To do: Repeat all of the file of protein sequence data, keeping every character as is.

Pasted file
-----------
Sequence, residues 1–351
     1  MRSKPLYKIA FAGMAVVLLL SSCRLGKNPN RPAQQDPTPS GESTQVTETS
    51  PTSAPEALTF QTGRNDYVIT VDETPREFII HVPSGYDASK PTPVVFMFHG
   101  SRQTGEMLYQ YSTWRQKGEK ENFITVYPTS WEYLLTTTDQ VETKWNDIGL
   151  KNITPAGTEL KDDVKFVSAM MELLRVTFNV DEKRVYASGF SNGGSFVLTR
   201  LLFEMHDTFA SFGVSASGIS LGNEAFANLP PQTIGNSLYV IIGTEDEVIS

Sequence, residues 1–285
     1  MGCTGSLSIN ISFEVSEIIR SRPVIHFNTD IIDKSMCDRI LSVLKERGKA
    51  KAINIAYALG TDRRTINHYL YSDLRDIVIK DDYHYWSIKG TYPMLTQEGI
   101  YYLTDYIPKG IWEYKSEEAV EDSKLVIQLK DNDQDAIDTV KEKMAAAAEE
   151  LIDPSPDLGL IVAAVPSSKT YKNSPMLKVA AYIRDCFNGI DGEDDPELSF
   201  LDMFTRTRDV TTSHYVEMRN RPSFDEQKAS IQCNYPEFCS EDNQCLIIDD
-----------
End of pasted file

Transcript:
Sequence, residues 1–351
     1  MRSKPLYKIA FAGMAVVLLL SSCRLGKNPN RPAQQDPTPS GESTQVTETS
    51  PTSAPEALTF QTGRNDYVIT VDETPREFII HVPSGYDASK PTPVVFMFHG
   101  SRQTGEMLYQ YSTWRQKGEK ENFITVYPTS WEYLLTTTDQ VETKWNDIGL
   151  KNITPAGTEL KDDVKFVSAM MELLRVTFNV DEKRVYASGF SNGGSFVLTR
   201  LLFEMHDTFA SFGVSASGIS LGNEAFANLP PQTIGNSLYV IIGTEDEVIS

Sequence, residues 1–285
     1  MGCTGSLSIN ISFEVSEIIR SRPVIHFNTD IIDKSMCDRI LSVLKERGKA
    51  KAINIAYALG TDRRTINHYL YSDLRDIVIK DDYHYWSIKG TYPMLTQEGI
   101  YYLTDYIPKG IWEYKSEEAV EDSKLVIQLK DNDQDAIDTV KEKMAAAAEE
   151  LIDPSPDLGL IVAAVPSSKT YKNSPMLKVA AYIRDCFNGI DGEDDPELSF
   201  LDMFTRTRDV TTSHYVEMRN RPSFDEQKAS IQCNYPEFCS EDNQCLIIDD